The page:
Number of pages: 232
Weight: 224 g
Dimensions: 228 x 162 x 8 mm
"Ioan M. Lewis suggests that anthropology is like a ritual, in which doing fieldwork results in a state of possession by something foreign and writing about it after returning home is a process of depossession. This book by Jeanne Favret-Saada shows a direct correlation between the strength of the possession and the length of the process of depossession. The anti-witch is the third book about her fieldwork on witchcraft in rural northwest France, conducted from 1969 to 1972. Deadly words (1977), her first resulting ethnography (which was followed by more diary-like ethnographic descriptions in Corps pour corps, 1981), aims - with a claim to be unique and with a healthy portion of aggression - to reinvent anthropology as well as psychoanalysis. Favret-Saada has been praised for her radical realization of the anthropological ideal to get involved in the field with the entire person, and to put aside the question of ontological truth in order to reveal the inner logic and functionality of local practices as well as how people get involved in these practices. She shows that witchcraft is something to be found not only in former times or alien lands, but also next door and these days. The advantage and necessity of fieldwork becomes especially salient in a field where everybody is cautious about speech acts, not only because words can cause harm and death, and witches can hear them over distances, but also because admitting to be involved in witchcraft exposes oneself to public ridicule. Favret-Saada provides a rich ethnographic description of the learning process on her journey, which extends deeper and deeper into the field until she is herself 'caught' (as the locals call their entanglement in witchcraft)."--Ehler Voss "Journal of the Royal Anthropological Institute "
"To appreciate this book is to recognize its context. Its appearance for French readers signaled the expectant return of a scholar who had taken different paths in the thirty-odd years since the publication of her Les Mots, la Mort, les Sorts (Deadly Words) (Favret-Saada 1980). The publication of D sorceler (The Anti-Witch) did not transform the terms by which anthropology worked, it simply brought together essays on witchcraft in the Bocage countryside from Favret-Saada's 1969-1972 fieldwork, which had appeared in various forms from 1983 to 1991, with a "Pr lude" written in 2009. Still, it was exciting to return to the Bocage--and, for some of us, to return to an author who drew us to anthropology in the first place."--Todd Meyers "American Anthropologist "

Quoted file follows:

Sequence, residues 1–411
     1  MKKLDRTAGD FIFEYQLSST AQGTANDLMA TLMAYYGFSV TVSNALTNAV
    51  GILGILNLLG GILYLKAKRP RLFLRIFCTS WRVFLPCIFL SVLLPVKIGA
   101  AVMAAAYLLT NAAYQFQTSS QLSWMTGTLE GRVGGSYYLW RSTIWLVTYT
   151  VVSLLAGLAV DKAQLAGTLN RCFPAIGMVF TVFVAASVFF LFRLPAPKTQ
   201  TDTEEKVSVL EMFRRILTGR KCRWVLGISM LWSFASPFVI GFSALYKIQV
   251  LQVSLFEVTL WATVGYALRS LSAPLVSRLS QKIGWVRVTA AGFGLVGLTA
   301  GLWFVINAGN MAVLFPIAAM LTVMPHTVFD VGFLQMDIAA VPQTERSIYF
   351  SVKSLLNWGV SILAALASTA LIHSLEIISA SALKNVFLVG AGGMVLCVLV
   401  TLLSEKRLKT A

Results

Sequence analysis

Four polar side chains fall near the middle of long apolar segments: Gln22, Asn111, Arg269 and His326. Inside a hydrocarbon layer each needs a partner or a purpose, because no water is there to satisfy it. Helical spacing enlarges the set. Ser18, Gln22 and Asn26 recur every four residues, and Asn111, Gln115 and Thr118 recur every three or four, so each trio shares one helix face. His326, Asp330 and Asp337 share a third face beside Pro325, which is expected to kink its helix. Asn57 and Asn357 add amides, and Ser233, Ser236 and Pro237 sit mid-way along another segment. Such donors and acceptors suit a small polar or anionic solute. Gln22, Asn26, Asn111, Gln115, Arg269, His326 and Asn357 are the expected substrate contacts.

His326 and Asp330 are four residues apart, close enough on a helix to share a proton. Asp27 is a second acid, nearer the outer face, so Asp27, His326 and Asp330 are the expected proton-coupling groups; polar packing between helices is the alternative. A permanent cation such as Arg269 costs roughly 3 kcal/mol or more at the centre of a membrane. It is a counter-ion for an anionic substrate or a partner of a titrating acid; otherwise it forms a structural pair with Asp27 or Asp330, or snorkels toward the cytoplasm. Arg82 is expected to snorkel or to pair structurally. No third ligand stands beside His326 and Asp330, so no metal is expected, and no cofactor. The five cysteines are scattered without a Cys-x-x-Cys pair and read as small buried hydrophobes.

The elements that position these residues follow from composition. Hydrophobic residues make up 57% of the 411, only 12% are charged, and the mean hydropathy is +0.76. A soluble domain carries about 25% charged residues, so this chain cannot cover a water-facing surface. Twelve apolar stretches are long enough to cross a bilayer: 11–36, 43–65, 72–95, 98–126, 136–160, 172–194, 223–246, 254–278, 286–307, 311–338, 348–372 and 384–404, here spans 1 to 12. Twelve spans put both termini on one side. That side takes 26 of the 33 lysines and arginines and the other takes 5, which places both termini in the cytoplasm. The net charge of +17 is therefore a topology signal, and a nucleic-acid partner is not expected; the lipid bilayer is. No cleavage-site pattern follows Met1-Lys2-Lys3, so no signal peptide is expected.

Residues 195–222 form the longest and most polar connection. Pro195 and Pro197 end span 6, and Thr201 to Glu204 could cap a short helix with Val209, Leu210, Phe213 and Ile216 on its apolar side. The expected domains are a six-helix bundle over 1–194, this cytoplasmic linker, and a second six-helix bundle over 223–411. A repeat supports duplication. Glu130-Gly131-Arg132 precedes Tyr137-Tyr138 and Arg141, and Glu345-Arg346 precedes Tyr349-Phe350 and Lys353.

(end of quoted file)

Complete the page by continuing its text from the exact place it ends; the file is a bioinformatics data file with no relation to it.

"Favret-Saada synthesizes the blend of theoretical and methodological considerations clearly in saying, 'My work on Bocage witchcraft gradually led me to reconsider the notion of affect and the importance of exploring it, both as a way of addressing a critical dimension of fieldwork (the state of being affected) and as a starting point for developing an anthropology of therapy (be it "primitive" and exotic or learned and Western)' (p. 97). Indeed, Chapter VI, in total, offers a final and convincing salvo of The anti-witch's primary proposition - that methods and theory cannot be easily or effectively separated. One cannot help but think that the turn toward psychotherapy in The anti-witch is not merely a reflection of Favret-Saada's own intellectual predilections, but also an acknowledgement of the fraught relationship between anthropologists and the subjects (human and otherwise) of their fieldwork - the ways in which we must subject ourselves to a constant denaturalization of our own ideas and beliefs, of defamiliarizing the familiar, in order to understand, empathize and allow ourselves to be 'caught up' or affected by the words and worlds of our key interlocutors. In reconstituting our own identities and realities, we engage in a form of mutual creation and construction that can be both deeply unsettling and therapeutic in equal measure. It is this parallel consideration of the theoretical and methodological that makes The anti-witch both an enjoyable and an enduringly useful text."--Melyn McKay